Blog Car Care Advice Your Complete Guide on How Car Brakes Work (+ Repair Costs)
Car Care Advice

Your Complete Guide on How Car Brakes Work (+ Repair Costs)

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Did you know that a car traveling at 60mph covers 271 feet before coming to a complete stop?
Imagine how long it would take if your brakes weren’t in prime condition

That’s why it’s important to know the signs of brake issues early. And the best way to do that is to understand how car brakes work.

By the end, you’ll know exactly what to look for to keep your brakes in top shape. 

This Article Contains: 

How Car Brakes Work: Disc and Drum Brakes

There are two main types of brakes: disc brakes and drum brakes. Let’s explore how each braking system works. 

A. Disc Brakes 

Disc brakes consist of a brake caliper, brake pads, and a rotor. When you press the brake pedal, hydraulic pressure is sent to the brake calipers. This pressure pushes the brake pads against the brake rotor, creating friction that slows the wheel. 

A disc brake system is known for its efficient heat dissipation, which ensures consistent braking performance. As such, most vehicles today have disc brakes on all four wheels. 

B. Drum Brakes

A drum brake system consists of a brake drum enclosing a brake shoe set and a wheel cylinder. Pressing the brake pedal causes the hydraulic fluid to push the brake shoes outwards, creating friction with the drum and slowing the wheel.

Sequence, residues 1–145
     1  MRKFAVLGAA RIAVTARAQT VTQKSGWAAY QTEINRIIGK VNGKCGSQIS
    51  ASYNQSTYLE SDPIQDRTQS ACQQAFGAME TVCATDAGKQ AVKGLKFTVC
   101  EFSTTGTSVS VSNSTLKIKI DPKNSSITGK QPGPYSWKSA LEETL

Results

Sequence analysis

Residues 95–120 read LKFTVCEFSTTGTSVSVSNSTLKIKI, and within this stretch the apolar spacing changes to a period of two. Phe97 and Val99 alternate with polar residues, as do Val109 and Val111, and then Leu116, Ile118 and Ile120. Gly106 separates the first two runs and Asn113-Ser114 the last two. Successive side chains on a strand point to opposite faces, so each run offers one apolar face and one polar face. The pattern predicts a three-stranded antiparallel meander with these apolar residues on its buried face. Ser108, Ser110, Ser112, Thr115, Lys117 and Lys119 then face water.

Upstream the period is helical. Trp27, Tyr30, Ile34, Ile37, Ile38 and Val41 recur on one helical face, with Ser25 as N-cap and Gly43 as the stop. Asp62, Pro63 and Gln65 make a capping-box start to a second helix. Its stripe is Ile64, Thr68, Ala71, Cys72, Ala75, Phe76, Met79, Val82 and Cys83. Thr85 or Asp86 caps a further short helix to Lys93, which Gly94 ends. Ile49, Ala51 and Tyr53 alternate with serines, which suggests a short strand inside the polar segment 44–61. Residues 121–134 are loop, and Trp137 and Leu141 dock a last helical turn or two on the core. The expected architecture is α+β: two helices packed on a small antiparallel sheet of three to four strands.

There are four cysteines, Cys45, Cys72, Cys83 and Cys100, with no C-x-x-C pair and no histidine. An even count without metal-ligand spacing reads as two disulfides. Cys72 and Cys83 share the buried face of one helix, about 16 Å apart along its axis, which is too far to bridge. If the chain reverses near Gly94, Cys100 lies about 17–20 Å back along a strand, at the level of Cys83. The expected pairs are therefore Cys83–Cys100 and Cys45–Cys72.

A drum brake system is an older braking technology still used in the rear wheels of some modern cars. While drum brakes provide good stopping power and are relatively cheaper than disc brakes, they aren’t as good at dissipating heat as disc brakes. 

Both disc and drum brakes rely on hydraulic pressure. Let’s take a closer look at what happens inside. 

What Makes Up a Hydraulic Brake System

A vehicle’s braking system consists of several brake parts working together. These include: 

1. Brake Pedal: Creates Leverage

Hydraulic braking starts when you press the brake pedal. The pedal controls how much braking force is applied: pressing harder results in stronger braking, while pressing gently provides softer braking.

2. Brake Booster: Amplifies the Force

Braking takes a lot of force, more than you can apply with just your foot alone. That’s where the brake booster comes in. Traditional brake boosters use vacuum pressure from the engine to increase the force exerted on the master cylinder. Hydraulic brake boosters use pressure from the power steering pump.

3. Master Cylinder: Converts Force to Hydraulic Pressure